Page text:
Quality of a River - Water Quality
Nutrients: Phosphorus and
nitrogen (pg 1 of 2)
Nutrients, principally nitrogen and phosphorus,
are other important components of water
Phosphorus occurs naturally in rocks and
minerals, finding its way to streams primarily
through runoff in its oxidized form, phosphate.
Unlike nitrogen, which can be liberated to the
atmosphere (through denitrification), phosphorus
remains in the stream system, cycling through
plants, animals, and water throughout the river's
Nitrogen is one of the most common elements on
earth, making up three-fourths of our atmosphere.
But it is not this gaseous form that is important
to stream life. Gaseous nitrogen must be "fixed"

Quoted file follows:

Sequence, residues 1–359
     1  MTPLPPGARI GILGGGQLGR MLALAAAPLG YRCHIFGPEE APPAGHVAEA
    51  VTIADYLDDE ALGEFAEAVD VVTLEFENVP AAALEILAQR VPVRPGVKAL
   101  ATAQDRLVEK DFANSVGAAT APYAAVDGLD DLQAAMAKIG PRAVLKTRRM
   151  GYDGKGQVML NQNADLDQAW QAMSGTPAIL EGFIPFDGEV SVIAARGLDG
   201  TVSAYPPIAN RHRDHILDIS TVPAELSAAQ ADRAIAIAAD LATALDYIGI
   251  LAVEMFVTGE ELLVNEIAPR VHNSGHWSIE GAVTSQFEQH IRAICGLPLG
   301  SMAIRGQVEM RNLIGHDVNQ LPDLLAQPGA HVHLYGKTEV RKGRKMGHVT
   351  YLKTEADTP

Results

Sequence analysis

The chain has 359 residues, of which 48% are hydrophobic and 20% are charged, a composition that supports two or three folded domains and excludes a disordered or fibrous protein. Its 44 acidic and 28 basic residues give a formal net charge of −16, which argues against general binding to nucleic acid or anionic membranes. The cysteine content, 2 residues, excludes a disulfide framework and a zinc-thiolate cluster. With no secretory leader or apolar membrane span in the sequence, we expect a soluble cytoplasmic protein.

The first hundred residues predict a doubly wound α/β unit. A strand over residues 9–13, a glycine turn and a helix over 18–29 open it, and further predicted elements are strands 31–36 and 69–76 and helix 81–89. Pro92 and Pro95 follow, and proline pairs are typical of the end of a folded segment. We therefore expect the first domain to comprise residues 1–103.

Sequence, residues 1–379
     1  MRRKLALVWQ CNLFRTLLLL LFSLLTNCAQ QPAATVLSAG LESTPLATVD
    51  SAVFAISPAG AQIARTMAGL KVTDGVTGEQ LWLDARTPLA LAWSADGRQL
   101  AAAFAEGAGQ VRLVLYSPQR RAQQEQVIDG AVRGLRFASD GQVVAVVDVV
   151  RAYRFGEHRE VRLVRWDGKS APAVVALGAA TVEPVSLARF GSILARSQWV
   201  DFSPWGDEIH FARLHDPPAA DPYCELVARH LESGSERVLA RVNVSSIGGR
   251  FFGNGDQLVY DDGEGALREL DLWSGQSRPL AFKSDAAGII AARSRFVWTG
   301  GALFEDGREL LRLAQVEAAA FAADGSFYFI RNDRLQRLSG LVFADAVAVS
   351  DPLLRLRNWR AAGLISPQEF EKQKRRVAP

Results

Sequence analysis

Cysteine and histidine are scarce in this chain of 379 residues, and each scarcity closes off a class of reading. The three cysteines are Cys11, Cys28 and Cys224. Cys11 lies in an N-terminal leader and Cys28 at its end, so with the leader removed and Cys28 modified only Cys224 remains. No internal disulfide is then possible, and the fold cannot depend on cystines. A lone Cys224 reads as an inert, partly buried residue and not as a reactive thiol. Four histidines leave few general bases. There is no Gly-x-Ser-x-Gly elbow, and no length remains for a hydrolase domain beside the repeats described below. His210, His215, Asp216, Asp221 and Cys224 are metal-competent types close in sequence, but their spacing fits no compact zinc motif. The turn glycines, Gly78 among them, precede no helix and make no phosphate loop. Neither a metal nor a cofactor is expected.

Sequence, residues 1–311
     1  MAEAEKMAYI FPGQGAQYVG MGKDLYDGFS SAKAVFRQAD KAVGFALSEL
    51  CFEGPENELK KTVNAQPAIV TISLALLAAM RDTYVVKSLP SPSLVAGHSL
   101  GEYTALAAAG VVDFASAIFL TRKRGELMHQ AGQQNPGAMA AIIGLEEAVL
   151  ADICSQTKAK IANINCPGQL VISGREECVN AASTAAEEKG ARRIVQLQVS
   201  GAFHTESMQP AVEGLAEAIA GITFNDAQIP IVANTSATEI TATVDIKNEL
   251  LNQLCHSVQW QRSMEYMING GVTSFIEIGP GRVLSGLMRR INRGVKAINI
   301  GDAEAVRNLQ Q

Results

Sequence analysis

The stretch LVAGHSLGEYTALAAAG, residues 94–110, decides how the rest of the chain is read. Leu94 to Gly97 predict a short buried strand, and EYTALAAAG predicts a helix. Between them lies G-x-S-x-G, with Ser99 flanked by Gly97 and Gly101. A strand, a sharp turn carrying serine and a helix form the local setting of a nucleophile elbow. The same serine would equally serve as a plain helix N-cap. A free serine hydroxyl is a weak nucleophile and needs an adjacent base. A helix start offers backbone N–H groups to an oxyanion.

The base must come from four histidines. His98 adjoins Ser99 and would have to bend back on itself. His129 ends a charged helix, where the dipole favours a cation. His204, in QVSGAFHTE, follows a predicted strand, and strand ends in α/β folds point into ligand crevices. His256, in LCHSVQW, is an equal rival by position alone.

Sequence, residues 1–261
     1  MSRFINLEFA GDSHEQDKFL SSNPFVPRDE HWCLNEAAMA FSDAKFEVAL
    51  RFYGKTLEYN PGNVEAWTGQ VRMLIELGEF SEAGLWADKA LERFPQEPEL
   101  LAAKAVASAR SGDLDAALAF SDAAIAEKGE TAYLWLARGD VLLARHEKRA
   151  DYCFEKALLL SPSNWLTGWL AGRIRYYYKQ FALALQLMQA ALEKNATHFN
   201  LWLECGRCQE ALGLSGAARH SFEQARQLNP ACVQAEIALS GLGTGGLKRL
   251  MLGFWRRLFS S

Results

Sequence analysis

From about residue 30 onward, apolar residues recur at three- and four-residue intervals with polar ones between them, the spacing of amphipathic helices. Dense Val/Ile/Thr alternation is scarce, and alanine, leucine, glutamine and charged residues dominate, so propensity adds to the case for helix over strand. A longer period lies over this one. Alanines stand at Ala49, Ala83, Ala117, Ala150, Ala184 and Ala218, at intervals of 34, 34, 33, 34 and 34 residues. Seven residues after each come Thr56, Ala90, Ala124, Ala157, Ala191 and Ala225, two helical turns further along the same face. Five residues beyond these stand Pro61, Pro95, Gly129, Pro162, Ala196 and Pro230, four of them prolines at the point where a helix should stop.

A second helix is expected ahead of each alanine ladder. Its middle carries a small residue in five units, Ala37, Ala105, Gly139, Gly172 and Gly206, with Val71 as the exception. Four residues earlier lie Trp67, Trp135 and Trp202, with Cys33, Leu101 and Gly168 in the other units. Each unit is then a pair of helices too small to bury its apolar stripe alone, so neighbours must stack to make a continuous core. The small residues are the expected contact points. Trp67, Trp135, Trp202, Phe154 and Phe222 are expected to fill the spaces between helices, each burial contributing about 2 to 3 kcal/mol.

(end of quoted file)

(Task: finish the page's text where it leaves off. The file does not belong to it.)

and then nitrified, primarily by soil-dwelling
bacteria, to form compounds (primarily nitrate).
These compounds dissolve in stream water and are
taken up as nutrients by aquatic plants and by
animals for the synthesis of protein.
High levels of phosphorus and nitrogen can cause
an explosion of algae and other plant growth in
streams. The decomposition of this growth can rob a
stream of dissolved oxygen. In freshwater systems,
phosphorus is generally the limiting factor or
determinant of the level of plant growth. In marine
environments, nitrogen is frequently the limiting
Common sources of abnormally high levels of
these nutrients are runoff of fertilizer from lawns
and farmland; runoff from feedlots; manure spills;
and effluent from sewage treatment plants and
poorly functioning septic systems.
The breakdown of nitrogen in the form of ammonia
into nitrates consumes oxygen and may reduce
dissolved oxygen to lethal levels.
and Almendinger, 2000); (James
et al., 2000).